BYU students demonstrated the power of their words at the English Symposium in the Joseph F. Smith Building March 28.
The English department sponsored the symposium, which allows students to submit paper proposals and enhance presentation professionalism. Department faculty reads the papers and chooses which students will present at the symposium. Professors who are published writers, authors and critics mentor students as they develop presentation skills.
Sirpa Grierson, English Symposium coordinator and faculty adviser, said students are able to leave the symposium with a better idea of what they can do with their English degrees, whether they want to publish or write. Grierson’s passion to organize this event every year is inspired by the students’ love and appreciation for it.
“I think the biggest benefit of doing this for the students is actually being involved in their discipline rather than just writing a paper for their class and their teacher,” Grierson said. “They are presenting it to peers, and peers get involved by asking questions.”
Students based presentations on papers they had worked on for various classes. The symposium’s keynote speaker concluded the day of 43 panels and 130 presentations.
Susan Howe, keynote speaker and associate professor in the English department, gave a speech entitled, “Shaping the Post-Postmodern Moment.” Howe expressed her admiration, respect and love for the students and faculty who participated in the day’s activities.
“I think this is one of the most wonderful events that we have,” Howe said. “There’s nothing that makes me quite so proud and happy as to see the achievements of you students, and I am honored to be with you.”
Howe shared many poems and examples of post-postmodernism work. She said she hopes students will think more thoroughly about scholarship, writing and how they center things they value in their lives, especially in the gospel, after today’s lecture.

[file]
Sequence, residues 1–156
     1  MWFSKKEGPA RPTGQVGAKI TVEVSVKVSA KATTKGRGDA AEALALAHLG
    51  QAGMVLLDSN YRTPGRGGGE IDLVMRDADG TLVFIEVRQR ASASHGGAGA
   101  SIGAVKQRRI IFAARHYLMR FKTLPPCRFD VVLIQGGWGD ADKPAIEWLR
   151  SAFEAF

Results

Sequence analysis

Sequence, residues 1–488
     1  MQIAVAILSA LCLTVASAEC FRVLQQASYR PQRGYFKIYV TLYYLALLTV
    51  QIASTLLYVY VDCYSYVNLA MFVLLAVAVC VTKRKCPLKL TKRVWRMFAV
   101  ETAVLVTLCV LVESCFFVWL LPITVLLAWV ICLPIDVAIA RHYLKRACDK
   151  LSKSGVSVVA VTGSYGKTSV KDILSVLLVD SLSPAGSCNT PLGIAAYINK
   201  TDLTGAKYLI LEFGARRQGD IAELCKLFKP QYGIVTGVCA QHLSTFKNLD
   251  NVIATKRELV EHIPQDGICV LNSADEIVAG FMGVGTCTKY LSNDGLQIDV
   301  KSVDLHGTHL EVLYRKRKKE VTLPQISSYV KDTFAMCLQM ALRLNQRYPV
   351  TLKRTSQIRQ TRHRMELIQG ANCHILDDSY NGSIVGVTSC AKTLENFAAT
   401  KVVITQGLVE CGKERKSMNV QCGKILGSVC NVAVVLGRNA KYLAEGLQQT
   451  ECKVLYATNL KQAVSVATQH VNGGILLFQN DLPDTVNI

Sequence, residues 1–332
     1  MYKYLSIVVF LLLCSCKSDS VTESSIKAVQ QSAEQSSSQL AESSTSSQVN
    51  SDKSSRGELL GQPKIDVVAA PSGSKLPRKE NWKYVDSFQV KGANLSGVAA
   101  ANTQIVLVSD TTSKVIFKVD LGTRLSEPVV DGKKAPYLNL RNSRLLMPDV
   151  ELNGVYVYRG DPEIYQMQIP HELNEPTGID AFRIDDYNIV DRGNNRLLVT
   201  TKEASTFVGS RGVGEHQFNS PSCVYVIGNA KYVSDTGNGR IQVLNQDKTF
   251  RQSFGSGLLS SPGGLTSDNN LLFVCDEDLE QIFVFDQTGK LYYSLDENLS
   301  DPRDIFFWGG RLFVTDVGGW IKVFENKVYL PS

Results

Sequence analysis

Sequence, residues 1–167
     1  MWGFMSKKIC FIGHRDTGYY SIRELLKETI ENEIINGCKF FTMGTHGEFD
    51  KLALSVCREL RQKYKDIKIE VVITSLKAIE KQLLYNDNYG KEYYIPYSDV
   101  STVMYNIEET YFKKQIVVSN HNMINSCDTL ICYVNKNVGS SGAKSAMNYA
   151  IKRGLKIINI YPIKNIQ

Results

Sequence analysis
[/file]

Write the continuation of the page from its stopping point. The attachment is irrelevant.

“After today, I hope people are empowered to think for themselves about the cultural ideas that come to form,” Howe said.
Howe wants students to be confident in their writing and to try new things. She specialized the topic she spoke on by trying to make it apply to the audience personally. Her point was to think outside the box in one’s own and personal imaginative literature.
“Champion what you value in your work,” Howe said.
Grierson said the symposium is also a good opportunity to assess the faculty. The work the students produce is a good indication of how the faculty members are teaching.
The symposium itself contained presentations about a variety of topics including fairy tales, folklore, digital media and turning literature into film and much more. One panel even discussed using Harry Potter to improve teachings techniques. Creative writing was a new addition to the symposium this year, according to Grierson.
Jared Pence, an English graduate student who presented in the conference, said the symposium is a chance for BYU students to participate in and attend a conference.
“Conferences are an important way for English majors to professionalize, especially if they want to become academics in English, and the conferences are a really important part of that,” Pence said.
The conference offers both growing opportunities for students and encouragement for the public to engage in student presentations. The English department encourages anyone who is interested to get involved next year.